By Peter Teska and Jim Gauthier
Outbreaks of infectious diseases, caused by harmful pathogens, can be traced back centuries as the cause of significant morbidity and mortality in humans. The previous century saw two of medicine’s biggest achievements: the introduction of vaccinations to prevent infections and the use of antibiotics to cure infections when they do occur. Preventing and curing infections remain key goals of medicine in providing optimal health for a population. But growing antibiotic resistance and community-acquired infections are on the rise. It’s important to take a closer look at these growing trends.
Prevention vs. Cure
Efforts to prevent infections have shown significant progress in reducing the global burden of infectious diseases over the last century. Both the World Health Organization (WHO) and Centers for Disease Control and Prevention (CDC) continuously emphasize the importance of the use of vaccinations for the general public and for healthcare providers.
Additionally, hand hygiene, surface cleaning and disinfection and respiratory hygiene are part of an overall bundle of interventions referred to collectively as Standard Precautions. Healthcare workers are expected to practice Standard Precautions with every patient to protect the patient and the employee from the spread of infectious pathogens. Studies have shown the importance of using Standard Precautions in healthcare and the importance of their use grows every year.
Someone who contracts an infectious disease will generally rely on a physician to prescribe a course of action to cure the infection. One of the most common tools is the use of antibiotics. Initially highly effective, within a few years of their introduction, many bacteria started to develop resistance. This resistance trend has grown over time, reducing the overall effectiveness of many antibiotics. New generations and classes of antibiotics were developed to attempt to stay ahead of the rapidly-changing evolution of the bacteria, but each new generation of antibiotics has seen the same issue of resistance. Research into new antibiotics has slowed, and thus antibiotic resistance is today considered one of healthcare’s primary challenges.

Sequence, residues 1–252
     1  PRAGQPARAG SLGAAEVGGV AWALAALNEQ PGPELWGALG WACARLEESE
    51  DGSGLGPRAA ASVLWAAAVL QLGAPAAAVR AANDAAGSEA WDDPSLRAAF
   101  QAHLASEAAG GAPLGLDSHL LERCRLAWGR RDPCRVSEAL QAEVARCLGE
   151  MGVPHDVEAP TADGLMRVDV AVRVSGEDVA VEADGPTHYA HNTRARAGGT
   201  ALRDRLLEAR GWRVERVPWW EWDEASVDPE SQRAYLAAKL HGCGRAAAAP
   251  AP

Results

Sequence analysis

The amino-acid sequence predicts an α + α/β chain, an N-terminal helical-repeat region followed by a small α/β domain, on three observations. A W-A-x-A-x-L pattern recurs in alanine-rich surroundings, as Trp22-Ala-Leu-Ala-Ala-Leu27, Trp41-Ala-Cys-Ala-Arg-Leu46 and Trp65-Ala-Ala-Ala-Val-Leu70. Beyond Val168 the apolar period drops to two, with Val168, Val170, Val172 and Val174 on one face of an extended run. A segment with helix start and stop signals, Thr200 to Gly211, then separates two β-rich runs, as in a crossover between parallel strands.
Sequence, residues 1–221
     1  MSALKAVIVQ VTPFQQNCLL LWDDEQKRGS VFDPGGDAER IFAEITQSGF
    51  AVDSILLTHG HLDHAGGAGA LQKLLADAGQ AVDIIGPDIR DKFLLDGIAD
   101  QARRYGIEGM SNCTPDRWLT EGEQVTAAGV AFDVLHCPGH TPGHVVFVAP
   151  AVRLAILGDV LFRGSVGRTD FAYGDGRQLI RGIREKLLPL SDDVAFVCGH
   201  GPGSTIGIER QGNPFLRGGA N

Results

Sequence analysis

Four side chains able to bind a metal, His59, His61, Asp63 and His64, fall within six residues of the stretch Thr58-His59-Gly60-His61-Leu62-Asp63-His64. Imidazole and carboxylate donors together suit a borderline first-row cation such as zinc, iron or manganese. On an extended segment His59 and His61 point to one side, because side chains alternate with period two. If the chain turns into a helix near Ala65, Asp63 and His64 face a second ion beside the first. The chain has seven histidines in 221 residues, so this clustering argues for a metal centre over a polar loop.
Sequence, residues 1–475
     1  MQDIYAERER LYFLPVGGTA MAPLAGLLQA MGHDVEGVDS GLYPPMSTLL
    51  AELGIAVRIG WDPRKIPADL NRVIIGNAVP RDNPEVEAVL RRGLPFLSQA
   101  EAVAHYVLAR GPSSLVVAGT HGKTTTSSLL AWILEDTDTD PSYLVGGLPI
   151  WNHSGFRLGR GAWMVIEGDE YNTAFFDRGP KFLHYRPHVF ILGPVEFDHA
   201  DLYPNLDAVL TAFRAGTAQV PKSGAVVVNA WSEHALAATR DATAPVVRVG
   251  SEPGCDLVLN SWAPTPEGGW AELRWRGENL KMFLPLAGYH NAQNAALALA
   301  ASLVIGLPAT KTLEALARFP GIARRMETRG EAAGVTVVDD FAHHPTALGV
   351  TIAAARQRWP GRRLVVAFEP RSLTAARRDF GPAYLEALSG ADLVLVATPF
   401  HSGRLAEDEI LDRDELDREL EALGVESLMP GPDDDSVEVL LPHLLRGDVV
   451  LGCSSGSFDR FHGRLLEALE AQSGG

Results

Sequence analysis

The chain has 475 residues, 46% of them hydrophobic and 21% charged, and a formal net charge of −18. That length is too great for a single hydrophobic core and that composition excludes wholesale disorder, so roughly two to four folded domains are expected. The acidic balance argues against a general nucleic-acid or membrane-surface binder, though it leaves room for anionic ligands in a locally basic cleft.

Growing Antibiotic Resistance
The National Healthcare Safety Network (NHSN) collects patient data, such as the number of healthcare-associated infections (HAIs), from 17,000 healthcare facilities in the U.S to provide a consistent surveillance and reporting standard (Weiner, 2016). Keeping track of infection data and which antibiotics the bacteria are resistant to is an important part of understanding how infections are changing in healthcare.
Weiner (2016) performed an analysis of NHSN data from 2011 to 2014 and reported that across the U.S., approximately 2 million people get antibiotic-resistant infections each year, resulting in 23,000 deaths. Antibiotic-resistant bacteria can be found in both healthcare and community settings. The NHSN defines a healthcare-associated infection as an infection where signs and symptoms develop more than 48 hours after ad-mission. The numbers from Weiner’s study suggest the bulk of these infections occur in the community.
There are approximately 750,000 HAIs in the U.S. each year. When looking specifically at HAIs reported in this study, the top six antibiotic-resistant bacteria cause 15 percent of HAIs for the facilities in the study. If this is true across the U.S. as a whole, it implies 112,500 antibiotic-resistant HAIs each year in the U.S. and that only 5.6 percent of antibiotic-resistant infections are healthcare-associated.